“So now, it’s just up to you,” he says, stripping off his elastic gloves and looking between the husband and I. “I’m available that Tuesday through Friday … if you would like me to do it.”
Not ready to choose, there’s a pause as I anxiously emit a soft sigh and stare down at the sterile, linoleum floor, willing my sentimental self to feel something for one of those days.
“I guess we just have to pick one, don’t we?” husband says, casting a shrug over in my direction.
“Yeah… I mean, I don’t have anything specific in mind. I won’t have work that week so really any day is fine…”
My words trail off, following my downward line of sight at the floor again.
Husband takes the lead boldly. “Ok. Wednesday. The 21st. Let’s do then.”
Still holding his gloves, he brightens and slaps them against his white coat in a flourish of finality. “Good deal! I’ll go check the schedule and just get it written up!”
The British accent trails behind the doctor as he leaves the room, and after several moments, I look over at my Marine. “It feels so weird to have just picked our son’s birthday, ya know?”
Before he can answer, the accent seeps through the door.
“Uhm I’m afraid that day is already booked full. I’m going to schedule it on the 22nd, instead. OK?”
“…oh, uhm yeah, OK. …sure!” I reply back. Then turning to husband, “Well then. 2-2-2,” I say with a tentative grin. “That’s easy to remember, right?”
I feel like some of the most momentous events in life happen when you are unable to plan for every detail of it.
Falling in love. That new job opportunity. That loss of a job. Having a baby.
The list could go on. And sure, you can “plan” for each of these things, make checklists and even think you’re ready and prepared for each one when that time comes.
But then you meet that one person you never thought you could get along with, and you’re blindsided.
A friend of a friend just calls you up one day and says they got you an interview, can you come in today?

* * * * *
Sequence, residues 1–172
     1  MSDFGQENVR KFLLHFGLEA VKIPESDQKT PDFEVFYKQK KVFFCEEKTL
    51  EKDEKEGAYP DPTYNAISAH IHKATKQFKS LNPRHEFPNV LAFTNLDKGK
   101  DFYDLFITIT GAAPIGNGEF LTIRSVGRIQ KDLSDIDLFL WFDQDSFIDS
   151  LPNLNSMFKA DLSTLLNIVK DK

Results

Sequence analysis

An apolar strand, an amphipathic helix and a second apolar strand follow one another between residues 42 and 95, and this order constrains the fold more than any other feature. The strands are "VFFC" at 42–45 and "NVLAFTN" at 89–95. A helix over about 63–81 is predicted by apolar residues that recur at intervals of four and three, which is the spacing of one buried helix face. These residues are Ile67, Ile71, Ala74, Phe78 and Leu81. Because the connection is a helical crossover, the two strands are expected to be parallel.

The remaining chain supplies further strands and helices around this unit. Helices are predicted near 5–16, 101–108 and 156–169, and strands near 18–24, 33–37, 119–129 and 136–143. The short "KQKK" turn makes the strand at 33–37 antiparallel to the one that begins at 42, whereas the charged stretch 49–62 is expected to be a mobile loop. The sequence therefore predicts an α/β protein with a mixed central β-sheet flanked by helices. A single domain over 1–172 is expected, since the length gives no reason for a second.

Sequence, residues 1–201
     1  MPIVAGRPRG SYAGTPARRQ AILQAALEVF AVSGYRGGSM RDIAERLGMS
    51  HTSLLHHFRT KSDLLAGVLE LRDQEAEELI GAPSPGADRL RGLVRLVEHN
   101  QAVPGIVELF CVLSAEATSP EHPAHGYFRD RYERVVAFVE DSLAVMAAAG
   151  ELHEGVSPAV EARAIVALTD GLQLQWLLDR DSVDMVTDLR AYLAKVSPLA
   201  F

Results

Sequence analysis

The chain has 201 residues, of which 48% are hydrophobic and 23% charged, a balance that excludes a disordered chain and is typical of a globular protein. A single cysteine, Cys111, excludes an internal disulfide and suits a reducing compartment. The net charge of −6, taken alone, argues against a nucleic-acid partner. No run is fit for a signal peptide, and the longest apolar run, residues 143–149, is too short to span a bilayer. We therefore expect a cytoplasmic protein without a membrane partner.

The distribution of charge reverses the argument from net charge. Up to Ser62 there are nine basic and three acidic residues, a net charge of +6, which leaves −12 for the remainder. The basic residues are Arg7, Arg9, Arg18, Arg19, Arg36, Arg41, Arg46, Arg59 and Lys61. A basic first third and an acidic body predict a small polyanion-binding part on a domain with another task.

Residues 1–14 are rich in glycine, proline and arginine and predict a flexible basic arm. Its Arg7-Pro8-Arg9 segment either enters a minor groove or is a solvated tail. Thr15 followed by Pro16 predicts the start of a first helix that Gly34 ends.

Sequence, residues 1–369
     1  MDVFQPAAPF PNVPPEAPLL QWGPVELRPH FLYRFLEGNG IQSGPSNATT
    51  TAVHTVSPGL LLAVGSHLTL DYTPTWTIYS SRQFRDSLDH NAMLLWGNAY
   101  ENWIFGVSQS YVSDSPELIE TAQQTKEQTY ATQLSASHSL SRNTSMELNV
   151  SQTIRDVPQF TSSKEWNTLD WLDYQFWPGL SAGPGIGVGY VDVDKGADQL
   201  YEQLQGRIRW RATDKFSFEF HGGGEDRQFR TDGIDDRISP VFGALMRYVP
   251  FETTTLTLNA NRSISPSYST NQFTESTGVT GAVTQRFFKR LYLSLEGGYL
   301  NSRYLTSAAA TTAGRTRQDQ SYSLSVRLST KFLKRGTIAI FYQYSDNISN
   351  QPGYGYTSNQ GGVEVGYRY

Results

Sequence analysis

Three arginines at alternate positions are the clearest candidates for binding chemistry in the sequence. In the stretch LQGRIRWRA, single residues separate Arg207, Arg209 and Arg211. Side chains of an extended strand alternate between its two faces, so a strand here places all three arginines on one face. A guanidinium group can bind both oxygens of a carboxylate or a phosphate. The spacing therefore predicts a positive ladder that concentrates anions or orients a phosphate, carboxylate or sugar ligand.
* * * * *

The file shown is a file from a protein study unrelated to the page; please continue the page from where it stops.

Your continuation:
You get called into your boss’ office and listen as he grimly tells you there just isn’t enough room in the budget anymore.
It’s five days before the due date, and that water breaks.
When are you ever really prepared for your world to change?
Well. I’ve been ready for the exact day–well, maybe the week–since November 21, 2017. The day we discovered our firstborn would be a boy. And the day I was nervously ushered into a meeting room following the routine ultrasound, and told my pregnancy was high risk.
Without going into a long explanation of my sudden need for constant monitoring–mainly because I have yet to master the definition of this rare diagnosis–I will simply point you to this non-graphic explanation of vasa previa. (I screened it, I promise. No scary, high-school-Health-class pictures.)
If you don’t want to read about it, I’ll just give you the bottom line: I absolutely cannot at any point whatsoever go into labor, lest our sweet little man is given a very high chance of being stillborn.
So. Let it first be said that all praises go to Jesus for technology and the wisdom of doctors to interpret the signs of vasa previa at only 20 weeks of pregnancy.
Second, I am delivering our sweet boy by C-section, six weeks early. Aka: 2.22.18. Aka: tomorrow.
Suddenly, at only 20 weeks along and with my belly just starting to feel a few flutters, I was given the opportunity to start planning for our first child, down to the very week of when he would arrive.
I mean, this is the lottery for a Type A mother-to-be! Or perhaps any type of mother who is human. There’s no having to wonder, was that my water breaking? Is he going to be 3 weeks late? Oh no, he’s coming right now and we don’t have everything ready.
And yet I sit here, on the eve of my son’s literal birth-day, and I’m more conflicted than ever throughout this pregnancy. It’s the most momentous event of my 26-year-old life thus far: bringing a new life into this world. And I’m simply just waiting for it. Waiting for our world to change.
I feel like I’m supposed to be doing something more. Preparing for this moment better. Reading a parenting book, practicing how to swaddle him in a blanket or doing relays with the stroller around the neighborhood to check its sturdiness.
But I’m not. Instead, I’m on the couch typing away my anxieties, and watching as my ever-caring husband labors in the kitchen–hehe see what I did there–making my favorite meal for dinner.
So all this to say, I think I’ve officially decided that I’m on board with God’s decision in not giving us His omniscience. Knowing things before they happen doesn’t change what is coming. It just allows you the chance to worry or attempt to plan for all contingencies ahead of schedule. Which in turn, makes you lose sight of the joys of the present-day. It robs you from living in the moment.
And that’s how life is enjoyed best. Like I once read on a witty water bottle: “As in life, chill for best results.”
Life is not to be planned for days, weeks, months or years in advance.
It’s just going to happen. And you just have to wait for it.